Reading this book one can't help but feel that humans are on the brink of monumental upheaval. There are important conversations to be had, with critical decisions to be made, and perhaps this type of literature is the frontier for both? The possibility alone makes it quite difficult to submit my review with anything less than a five star rating! I particularly enjoyed the passages on postwork society and Harari's frank analysis of Judaism, which...
  • Yzabel Ginsberg
    [I received a copy of this book through NetGalley, in exchange for an honest review.]I read Harari’s two other books (“Sapiens” and “Homo Deus”), and quite liked them, so when this one was available, I couldn’t help but request it. It did turn out to be an interesting read as well, dealing with current problems that we just can’t ignore: global warming, terrorism, the rise of harmful ideologies, etc. It’s definitely not seen throu...
  • Jennie Rosenblum
    ARC provided via NetGalleyI have read the other two books by this author and while I did not love them, I did learn from them and they led to several wonderful conversations with other readers. I do not see that happening with this book. I felt as if this was much more opinion based than a provider of information. Subjects are touched on lightly and solely from the POV of the author. There is also many references to his other works and responses ...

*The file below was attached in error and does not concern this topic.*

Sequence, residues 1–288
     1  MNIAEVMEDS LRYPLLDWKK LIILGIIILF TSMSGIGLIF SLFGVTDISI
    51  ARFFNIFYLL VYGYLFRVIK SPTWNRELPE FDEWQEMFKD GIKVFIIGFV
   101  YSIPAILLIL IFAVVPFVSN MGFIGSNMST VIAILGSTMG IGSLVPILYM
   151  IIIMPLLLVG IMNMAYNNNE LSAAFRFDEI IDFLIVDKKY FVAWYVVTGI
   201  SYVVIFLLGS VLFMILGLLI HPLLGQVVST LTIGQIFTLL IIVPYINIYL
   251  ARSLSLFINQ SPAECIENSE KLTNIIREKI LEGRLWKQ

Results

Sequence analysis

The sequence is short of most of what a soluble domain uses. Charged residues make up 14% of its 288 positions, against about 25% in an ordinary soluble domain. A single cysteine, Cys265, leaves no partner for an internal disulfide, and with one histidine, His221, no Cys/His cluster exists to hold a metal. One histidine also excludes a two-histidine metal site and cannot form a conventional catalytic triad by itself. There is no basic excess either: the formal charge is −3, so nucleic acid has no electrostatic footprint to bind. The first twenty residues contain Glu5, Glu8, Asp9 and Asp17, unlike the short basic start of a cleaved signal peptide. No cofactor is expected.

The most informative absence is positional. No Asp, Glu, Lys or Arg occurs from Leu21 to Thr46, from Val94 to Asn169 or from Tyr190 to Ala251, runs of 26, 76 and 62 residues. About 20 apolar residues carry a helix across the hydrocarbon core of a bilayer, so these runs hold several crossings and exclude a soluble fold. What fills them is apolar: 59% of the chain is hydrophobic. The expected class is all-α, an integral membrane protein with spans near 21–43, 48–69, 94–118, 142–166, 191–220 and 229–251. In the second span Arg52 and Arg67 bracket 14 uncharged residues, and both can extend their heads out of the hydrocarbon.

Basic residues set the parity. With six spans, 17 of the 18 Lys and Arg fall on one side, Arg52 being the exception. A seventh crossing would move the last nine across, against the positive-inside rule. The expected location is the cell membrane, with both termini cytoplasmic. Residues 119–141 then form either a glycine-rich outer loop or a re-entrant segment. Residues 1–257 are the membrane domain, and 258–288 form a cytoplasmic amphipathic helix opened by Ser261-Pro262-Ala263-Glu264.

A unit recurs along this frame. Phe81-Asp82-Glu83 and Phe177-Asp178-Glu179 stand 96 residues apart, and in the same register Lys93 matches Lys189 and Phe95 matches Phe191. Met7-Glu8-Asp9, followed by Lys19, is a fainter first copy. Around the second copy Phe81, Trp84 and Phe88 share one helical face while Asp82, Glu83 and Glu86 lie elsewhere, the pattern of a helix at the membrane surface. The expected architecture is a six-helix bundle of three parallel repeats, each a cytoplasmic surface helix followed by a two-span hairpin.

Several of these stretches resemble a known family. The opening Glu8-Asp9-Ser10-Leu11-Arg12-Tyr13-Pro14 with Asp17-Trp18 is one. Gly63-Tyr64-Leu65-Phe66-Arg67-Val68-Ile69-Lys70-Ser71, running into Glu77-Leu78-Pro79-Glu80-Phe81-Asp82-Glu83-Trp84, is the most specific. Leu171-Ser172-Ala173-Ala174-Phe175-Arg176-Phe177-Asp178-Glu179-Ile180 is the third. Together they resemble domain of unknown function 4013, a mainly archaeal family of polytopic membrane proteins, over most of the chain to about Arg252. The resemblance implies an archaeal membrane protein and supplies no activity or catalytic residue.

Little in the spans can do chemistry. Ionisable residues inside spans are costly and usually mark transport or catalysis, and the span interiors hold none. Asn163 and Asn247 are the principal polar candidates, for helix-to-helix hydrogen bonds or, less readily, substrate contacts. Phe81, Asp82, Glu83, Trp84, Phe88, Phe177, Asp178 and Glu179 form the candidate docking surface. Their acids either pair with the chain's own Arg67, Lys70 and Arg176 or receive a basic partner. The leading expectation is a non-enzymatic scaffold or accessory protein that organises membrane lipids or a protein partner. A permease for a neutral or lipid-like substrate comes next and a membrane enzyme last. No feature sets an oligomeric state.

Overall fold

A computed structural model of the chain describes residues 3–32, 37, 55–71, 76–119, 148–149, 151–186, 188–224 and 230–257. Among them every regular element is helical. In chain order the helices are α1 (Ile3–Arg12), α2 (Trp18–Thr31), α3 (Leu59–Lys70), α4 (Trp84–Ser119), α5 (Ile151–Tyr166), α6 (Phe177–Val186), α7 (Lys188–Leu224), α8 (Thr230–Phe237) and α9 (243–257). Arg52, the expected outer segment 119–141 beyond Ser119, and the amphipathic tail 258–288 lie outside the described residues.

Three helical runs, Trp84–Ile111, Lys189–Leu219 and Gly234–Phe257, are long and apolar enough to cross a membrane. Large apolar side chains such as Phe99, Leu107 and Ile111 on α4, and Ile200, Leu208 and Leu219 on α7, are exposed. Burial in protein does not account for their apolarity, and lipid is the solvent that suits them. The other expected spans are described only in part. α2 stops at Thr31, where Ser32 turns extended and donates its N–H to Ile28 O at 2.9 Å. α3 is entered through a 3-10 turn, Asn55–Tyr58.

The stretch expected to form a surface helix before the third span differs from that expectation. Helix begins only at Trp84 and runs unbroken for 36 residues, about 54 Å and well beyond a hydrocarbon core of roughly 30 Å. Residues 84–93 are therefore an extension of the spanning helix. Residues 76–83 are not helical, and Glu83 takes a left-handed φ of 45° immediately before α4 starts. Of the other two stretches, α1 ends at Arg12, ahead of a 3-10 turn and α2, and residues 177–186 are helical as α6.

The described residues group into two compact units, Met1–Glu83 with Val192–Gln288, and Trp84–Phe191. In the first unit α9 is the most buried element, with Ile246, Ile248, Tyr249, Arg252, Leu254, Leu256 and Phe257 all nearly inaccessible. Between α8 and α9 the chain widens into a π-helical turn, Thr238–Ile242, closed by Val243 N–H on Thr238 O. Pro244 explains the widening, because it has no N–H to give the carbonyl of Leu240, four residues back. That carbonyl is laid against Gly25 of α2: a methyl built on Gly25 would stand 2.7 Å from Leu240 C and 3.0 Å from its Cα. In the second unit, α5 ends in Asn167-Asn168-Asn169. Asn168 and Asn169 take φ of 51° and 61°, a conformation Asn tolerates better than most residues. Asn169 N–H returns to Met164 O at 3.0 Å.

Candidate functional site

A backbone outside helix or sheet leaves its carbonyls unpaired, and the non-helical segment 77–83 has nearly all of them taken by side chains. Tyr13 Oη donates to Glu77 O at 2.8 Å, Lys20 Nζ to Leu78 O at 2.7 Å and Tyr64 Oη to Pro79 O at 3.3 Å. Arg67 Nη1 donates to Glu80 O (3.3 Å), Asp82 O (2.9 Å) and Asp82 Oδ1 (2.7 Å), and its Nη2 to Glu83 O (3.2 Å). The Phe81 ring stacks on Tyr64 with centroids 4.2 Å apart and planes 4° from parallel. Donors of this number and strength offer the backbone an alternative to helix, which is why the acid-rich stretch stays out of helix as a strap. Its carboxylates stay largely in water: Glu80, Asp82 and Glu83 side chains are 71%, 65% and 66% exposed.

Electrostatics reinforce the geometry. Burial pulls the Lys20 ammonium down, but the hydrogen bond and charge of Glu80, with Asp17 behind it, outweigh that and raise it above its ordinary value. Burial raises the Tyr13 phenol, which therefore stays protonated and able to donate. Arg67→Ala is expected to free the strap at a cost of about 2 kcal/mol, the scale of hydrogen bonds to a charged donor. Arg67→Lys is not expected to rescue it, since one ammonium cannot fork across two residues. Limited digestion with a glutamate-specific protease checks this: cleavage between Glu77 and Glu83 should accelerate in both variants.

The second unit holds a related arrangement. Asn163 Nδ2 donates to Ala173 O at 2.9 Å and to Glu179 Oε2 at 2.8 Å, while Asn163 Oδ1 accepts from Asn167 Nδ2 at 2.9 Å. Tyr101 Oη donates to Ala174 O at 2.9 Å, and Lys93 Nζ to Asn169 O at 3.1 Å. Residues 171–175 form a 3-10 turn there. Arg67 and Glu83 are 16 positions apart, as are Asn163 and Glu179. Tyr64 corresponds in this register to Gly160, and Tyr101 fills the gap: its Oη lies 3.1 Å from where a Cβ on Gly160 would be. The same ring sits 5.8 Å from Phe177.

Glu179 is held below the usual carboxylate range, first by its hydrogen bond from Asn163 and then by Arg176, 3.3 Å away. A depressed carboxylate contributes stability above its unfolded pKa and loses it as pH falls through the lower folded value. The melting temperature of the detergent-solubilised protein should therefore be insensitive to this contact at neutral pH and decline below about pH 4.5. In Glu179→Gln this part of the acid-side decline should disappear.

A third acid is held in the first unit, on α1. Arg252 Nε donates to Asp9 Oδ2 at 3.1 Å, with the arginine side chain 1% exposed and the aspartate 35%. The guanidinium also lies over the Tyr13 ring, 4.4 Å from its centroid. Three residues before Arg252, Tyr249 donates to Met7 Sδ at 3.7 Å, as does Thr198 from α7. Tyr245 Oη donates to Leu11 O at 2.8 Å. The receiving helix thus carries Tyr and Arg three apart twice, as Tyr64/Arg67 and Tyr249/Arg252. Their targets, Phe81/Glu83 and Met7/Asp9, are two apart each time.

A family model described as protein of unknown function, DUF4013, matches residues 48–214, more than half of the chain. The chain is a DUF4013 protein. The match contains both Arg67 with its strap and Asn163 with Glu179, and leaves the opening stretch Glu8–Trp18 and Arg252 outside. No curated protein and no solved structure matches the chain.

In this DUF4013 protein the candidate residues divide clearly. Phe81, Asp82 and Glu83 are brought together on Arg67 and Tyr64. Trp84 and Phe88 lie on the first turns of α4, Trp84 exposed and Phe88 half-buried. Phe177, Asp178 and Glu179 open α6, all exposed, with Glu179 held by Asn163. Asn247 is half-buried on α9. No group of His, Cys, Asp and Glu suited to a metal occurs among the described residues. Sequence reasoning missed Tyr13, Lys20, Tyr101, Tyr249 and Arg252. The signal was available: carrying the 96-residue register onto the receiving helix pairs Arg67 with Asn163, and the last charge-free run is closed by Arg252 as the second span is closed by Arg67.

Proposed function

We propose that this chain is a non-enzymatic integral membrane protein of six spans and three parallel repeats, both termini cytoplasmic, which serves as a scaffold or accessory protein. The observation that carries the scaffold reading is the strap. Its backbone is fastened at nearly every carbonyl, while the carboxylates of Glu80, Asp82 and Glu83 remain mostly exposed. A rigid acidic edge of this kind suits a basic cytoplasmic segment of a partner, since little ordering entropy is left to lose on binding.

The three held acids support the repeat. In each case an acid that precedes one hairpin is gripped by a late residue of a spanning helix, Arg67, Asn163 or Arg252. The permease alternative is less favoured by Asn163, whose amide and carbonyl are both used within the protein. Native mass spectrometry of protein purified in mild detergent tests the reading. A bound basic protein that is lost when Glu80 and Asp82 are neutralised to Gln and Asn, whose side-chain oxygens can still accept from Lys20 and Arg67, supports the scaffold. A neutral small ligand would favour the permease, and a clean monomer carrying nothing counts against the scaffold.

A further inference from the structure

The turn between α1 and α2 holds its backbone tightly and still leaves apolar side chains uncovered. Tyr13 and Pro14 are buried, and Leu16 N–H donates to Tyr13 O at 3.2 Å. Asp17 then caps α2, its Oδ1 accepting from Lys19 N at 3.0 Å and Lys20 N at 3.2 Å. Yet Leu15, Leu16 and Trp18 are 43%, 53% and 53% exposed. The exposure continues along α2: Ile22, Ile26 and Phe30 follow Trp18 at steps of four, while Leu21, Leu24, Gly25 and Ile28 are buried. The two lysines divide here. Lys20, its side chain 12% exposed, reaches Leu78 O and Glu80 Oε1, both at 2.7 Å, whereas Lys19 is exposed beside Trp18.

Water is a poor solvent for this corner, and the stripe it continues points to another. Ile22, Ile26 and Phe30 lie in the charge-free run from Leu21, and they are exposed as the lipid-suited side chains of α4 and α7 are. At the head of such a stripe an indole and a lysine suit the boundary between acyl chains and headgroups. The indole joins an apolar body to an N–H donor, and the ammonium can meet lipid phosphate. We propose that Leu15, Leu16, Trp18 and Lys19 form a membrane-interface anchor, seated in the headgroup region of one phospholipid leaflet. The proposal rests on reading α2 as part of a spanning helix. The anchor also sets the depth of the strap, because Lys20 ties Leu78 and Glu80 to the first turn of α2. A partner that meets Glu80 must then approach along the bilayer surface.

• Mollie
    Not to be missed. Courageous. Comprehensive.
  • Amanda
    Good book full of insights into the present and potentially the future of mankind. Robots, AI, ownership of data, understanding of ones own mind, and other important topics of interest are all mentioned and explored. I thought this book was very interesting and a mix of both fearful and hopeful. If you wonder about both present day issues our world has and what might come to pass check out this book. Thanks to Netgalley for the advance copy in ex...